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Observation…

I first remember seeing this tree cutting weeds out of beans for my sister when I was a youngster-many years ago! There was a row of these trees at the start of the bean field next to the road. There were strange looking green balls the size of a grapefruit hanging on to the branches.I asked my sister the name of the tree-we did not have them in the town we lived in. She called it a “hedge-row” tree and those were hedge row oranges. Now I knew. Fast forward to the city trail where I ride and look for weeds there is a hedge row tree. I have seen this tree many times and you know what-I need to do a little study.

Bio:

  • osage orange tree-also known as monkey ball,bow wood,horse apples,bodark,wild orange just to name a few.
  • from the mulberry family-Maclura pomifera-native to N.A. from the Plains to Canada.
  • pre-historic survivor
  • dense wood,thorny,messy-used by farmers for wood,fuel, and the Native Americans for bows.
  • also used for hedge rows to keep cattle in the pasture.
  • grows maybe to 50′ tall
  • the “orange” has been used to keep the bugs away in the house!
  • do not eat
  • sold on Etsy for $2

Research:

  • old.post-gazette.com,resilence,org, my sis MD.thanks for reading tim’s weed patch!

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pics by td-thanks for reading tim’s weed patch today!

Thoreau for your Monday…

It is only a reflective mind that sees reflections .I am aware often that I been occupied with shallow and commonplace thoughts—looking for something suprficial when I did not see the most glorious reflections through exactly in (the) line of my vision…When we are enough abstracted this opaque earth reflects images to us.Journal November 1857.

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pic by td-thanks for stopping by today-happy monday!

 

More final beauty…

The weed becomes beautiful in another way as it turns into it’s pod stage. This quote from Jane Embertson explains her idea:”To me, the empty seed container-the pod-is another of nature’s works of art, as beautiful as the flower and as unique in its own form”.The pod of the curled dock-Rumex crispus-shows us it’s beauty below.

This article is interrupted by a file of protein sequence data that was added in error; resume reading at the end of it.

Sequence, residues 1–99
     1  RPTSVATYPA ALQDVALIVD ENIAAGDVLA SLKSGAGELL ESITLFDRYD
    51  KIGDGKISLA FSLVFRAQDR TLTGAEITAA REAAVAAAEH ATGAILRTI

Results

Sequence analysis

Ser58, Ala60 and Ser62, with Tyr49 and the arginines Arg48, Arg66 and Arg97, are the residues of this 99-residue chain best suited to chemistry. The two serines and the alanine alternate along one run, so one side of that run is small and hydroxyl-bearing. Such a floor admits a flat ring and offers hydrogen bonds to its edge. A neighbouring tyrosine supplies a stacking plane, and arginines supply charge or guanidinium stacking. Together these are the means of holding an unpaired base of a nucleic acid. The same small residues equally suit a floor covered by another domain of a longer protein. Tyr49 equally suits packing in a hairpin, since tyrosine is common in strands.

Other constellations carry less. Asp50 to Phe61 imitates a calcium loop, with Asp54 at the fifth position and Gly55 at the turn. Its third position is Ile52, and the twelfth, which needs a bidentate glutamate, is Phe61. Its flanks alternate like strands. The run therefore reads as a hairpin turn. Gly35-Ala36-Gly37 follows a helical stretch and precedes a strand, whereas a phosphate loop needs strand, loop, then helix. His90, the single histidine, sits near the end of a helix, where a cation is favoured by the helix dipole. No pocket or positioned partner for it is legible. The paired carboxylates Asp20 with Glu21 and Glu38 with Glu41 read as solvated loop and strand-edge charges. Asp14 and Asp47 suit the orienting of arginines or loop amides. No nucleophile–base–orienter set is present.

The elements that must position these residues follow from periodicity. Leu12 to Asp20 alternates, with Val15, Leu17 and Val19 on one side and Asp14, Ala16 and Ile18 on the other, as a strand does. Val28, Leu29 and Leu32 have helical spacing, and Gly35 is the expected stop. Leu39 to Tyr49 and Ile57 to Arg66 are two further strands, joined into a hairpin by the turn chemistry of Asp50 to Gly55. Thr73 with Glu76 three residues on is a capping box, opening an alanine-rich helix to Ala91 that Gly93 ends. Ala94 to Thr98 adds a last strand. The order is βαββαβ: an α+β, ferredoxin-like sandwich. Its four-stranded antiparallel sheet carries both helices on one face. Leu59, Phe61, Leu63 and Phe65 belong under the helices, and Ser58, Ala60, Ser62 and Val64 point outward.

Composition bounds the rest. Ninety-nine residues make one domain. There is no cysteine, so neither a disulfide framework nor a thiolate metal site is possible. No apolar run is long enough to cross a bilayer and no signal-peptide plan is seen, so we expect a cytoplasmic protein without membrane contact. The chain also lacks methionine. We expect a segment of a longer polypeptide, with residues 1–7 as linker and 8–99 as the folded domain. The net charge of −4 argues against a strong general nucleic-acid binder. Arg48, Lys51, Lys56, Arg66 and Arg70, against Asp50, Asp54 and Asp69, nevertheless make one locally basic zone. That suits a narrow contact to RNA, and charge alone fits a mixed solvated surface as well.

The “dock” blooms June-August growing .3-1.2m(1-4 ft) with flowers that are clusters of yellow and green. The leaves are lance shaped with wavy edges. It is found in roadsides,pastures, and disturbed areas(my fave). Moths and birds eat the seeds for fuel in the winter. The pods develop in mid July lasting into fall. The pods can be made into arrangements using the husky spikes.

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pic by td-thanks to Jane Embertson’s book “Pods” and thanks for stopping by today!td

 

You all know this one…

The pods from the narrow-leaved cat-tail(Typhia-nagustifolia) make nice arrangements. Inside the container are fluffy hairs where caterpillars lay there eggs and stay in the winter.

Flowers:

  • Bloom: May-July up to 2.4 m tall(8′)
  • Flowers: Yellow male spikes
  • Leaves:long and blade like
  • Habitat:marshes,water edge, ditches-holding down the earth

Pods:

  • Mid July-Aug
  • Pick when pollen disappears
  • Spray as soon as they are brought or you will have fluff all over.

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thanks as always to Jane Embertson book “Pods”, top pic by td, arrangement from CraftOutlet.com,thanks for stopping

 

Thoreau for your Wednesday…

It is remarkable how little any but a lichenist will observe on the bark of trees. The mass of men have but the vaguest and most indefinite notion of mosses, as a sort of shreds and fringes, and the world in which the lichenist dwells is much further from theirs than one side of this earth from the other…Each phase of nature, while not invisible, is yet not too distinct and obtrusive. November 8,1858.

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pic by td-i am going to add lichens,moss, and fungi to my study-thanks for reading Thoreau today!

 

Looks nice in a clump…

Grasses can be added to the final beauty of weeds. Grasses are found growing in clumps in a variety of colors. The grass family-Poaceae- is the fifth largest family of plants with 12,000 species covering 40% of the earth.This includes the cereal crops-corn,rice,barley,and bamboo. The pic below is Giant foxtail-Setaria faberi:

Flora:

summer annual,.6-1.2m tall(2-4 ft),blooms mid summer,found in sunny areas, my neighbors yard,junkyards(that is a new one for me), my neighbor’s yard.

Faunal:

insects like foxtail as well as livestock will eat it as well,birds will munch on the seeds for fuel.

Pods:

the plant adds a ‘wispy” accent to dried arrangements.

 

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pic by td-thanks to illinoiswildflowers and wikipedia for help; definition of fuanal:the animal life of a region(i learned something today) and thanks for stopping by today!